Recently a visitor examining one of my paintings asked, “Is your brain like this?” It is an understandable question, but can it be answered? What is the “this” that the gentleman was referring to? The “this” was his own brain perceiving some type of reality through a perception that had been sparked by the imagery I had created through my brain. In other words, he could perceive my artwork only as far as his own life experience allowed.
I come up against this question every time I look at another individual’s imagery: Am I seeing the inside workings of the artist’s brain? Minimalistic art has me wondering: Is this a painter who has a naturally reductionist mind, or a person who is craving structure because there is chaos within? Sunset colors in artwork (whether in traditional or contemporary art) have me musing about the calming richness of dusk and what the artist must have been feeling experientially while creating the piece. A painting in gray tones will have me searching for the artist’s living conditions and age. From these questions, I can come up with assumptions that might be far from the truth of the artists’ experiences because every question I create is a product of my own unique education and awareness, not the artist’s.
On the other hand, I might be completely on track. When the viewer feels a spark of recognition that resonates deeply within, that is when art meets truth, no matter what the variables of life experience. That is where the beauty of art transcends the superficial and walks out the door with us and into our own personal lives.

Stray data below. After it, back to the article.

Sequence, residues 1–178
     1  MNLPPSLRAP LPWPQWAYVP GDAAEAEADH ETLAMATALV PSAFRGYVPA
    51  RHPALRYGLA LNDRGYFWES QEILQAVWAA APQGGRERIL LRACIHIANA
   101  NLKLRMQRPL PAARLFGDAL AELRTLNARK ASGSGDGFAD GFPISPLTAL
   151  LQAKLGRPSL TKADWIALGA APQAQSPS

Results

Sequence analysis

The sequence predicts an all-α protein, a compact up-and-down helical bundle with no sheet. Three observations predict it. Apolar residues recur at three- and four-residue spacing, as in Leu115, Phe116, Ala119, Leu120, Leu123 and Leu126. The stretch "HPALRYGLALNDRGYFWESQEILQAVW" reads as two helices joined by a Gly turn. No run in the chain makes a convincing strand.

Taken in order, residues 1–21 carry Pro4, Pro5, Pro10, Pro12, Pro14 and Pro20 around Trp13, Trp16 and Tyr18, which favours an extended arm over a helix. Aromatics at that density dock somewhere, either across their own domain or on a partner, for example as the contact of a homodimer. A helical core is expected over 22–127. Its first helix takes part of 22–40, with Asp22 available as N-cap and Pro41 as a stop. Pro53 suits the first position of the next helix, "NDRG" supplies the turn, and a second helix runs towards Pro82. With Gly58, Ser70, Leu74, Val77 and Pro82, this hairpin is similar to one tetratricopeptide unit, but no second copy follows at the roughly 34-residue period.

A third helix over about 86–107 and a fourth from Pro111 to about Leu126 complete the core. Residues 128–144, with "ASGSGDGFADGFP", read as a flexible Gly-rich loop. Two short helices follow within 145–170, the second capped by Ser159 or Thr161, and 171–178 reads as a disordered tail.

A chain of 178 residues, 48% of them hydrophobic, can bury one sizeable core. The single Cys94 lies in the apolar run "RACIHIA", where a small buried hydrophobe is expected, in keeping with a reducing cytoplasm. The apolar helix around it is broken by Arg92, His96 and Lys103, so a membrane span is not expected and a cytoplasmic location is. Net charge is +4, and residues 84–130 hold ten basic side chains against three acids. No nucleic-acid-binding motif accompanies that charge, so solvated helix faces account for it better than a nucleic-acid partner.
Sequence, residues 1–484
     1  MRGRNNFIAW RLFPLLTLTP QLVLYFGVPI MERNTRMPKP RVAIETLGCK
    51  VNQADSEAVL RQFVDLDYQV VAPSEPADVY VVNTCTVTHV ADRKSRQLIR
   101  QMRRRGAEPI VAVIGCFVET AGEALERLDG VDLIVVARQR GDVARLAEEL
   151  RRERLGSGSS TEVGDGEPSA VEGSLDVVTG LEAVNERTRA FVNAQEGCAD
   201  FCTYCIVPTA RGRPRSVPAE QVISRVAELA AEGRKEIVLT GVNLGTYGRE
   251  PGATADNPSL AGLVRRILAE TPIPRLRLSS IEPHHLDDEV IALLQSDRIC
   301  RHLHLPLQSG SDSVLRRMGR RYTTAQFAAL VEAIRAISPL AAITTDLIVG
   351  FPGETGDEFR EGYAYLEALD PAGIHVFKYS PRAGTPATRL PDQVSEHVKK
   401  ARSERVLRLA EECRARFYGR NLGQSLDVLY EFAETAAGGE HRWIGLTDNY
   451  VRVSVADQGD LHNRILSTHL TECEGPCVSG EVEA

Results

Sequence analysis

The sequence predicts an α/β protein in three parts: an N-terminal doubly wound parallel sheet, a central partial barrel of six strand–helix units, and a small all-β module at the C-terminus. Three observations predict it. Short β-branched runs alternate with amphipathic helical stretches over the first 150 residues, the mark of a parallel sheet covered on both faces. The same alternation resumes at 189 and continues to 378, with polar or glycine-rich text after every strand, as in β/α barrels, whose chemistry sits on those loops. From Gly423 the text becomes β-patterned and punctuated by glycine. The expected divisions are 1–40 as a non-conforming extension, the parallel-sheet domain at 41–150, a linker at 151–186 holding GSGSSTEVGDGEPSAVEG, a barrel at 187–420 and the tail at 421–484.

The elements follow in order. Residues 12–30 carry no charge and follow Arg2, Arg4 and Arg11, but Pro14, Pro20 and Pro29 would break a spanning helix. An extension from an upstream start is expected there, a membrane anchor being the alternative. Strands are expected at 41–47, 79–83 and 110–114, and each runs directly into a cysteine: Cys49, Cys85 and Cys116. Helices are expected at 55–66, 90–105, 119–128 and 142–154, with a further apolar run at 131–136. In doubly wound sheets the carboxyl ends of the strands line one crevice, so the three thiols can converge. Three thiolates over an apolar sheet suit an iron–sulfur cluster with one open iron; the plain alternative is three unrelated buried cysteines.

When at University I was taught about the premises of good design and authentic vision in creative expression. But I was also taught to be diligently aware of “personal taste.” What may not work for myself may be remarkably effective for another person. It is when we enter into the productive world of those who are different from us, and struggle intensely to find commonality, that we reach a state of humanistic depth. This depth can open our eyes to sponsor relationship not just in the art world, but also in every walk of our lives as we confront diversity at the office, in politics, on the streets, and in our home relationships.
One of the delights of working near PMA is that the Museum brings in a rich diversity of artistic styles and human experiences. In the past four years, I have viewed work from some of the most prestigious contemporary artists down to the exuberance of acclaimed newbies. The galleries have celebrated the works of the old, the middle aged, and the young. Cultures from around the world have been represented. Of remarkable note is the ample presentation of women’s art from the most structurally traditional to the progressively far out.
My brain, and those of my fellow studio artists at PMA, have been tested again and again as to where can we find common ground with these invited artists and their visions. It is now, after four years of osmotic art studies, that I am seeing a subtle shift in our expressions as we all incorporate the depth of the Museum’s collective unconscious into our studio work.
So, to answer that gentleman who came into my studio I say this: Yes, you see the workings of my brain in that painting, way down there on the deepest level of your conscious or unconscious self. You might also see it higher up, on the surface, as well. And thank you for asking, because that question is the door between every creative person’s soul, and your own creative soul. It is the mark of humanity.
Images above are clipped details from artwork presently showing in the Museum galleries: "Earth" by Sean Monaghan; "FloraBunda" by Gordon Smedt; "Untitled" by Edith Hillinger.
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"Musings After PAI" contains the personal observations of the artist in Studio 26, and not necessarily those of Museum Studios as a whole.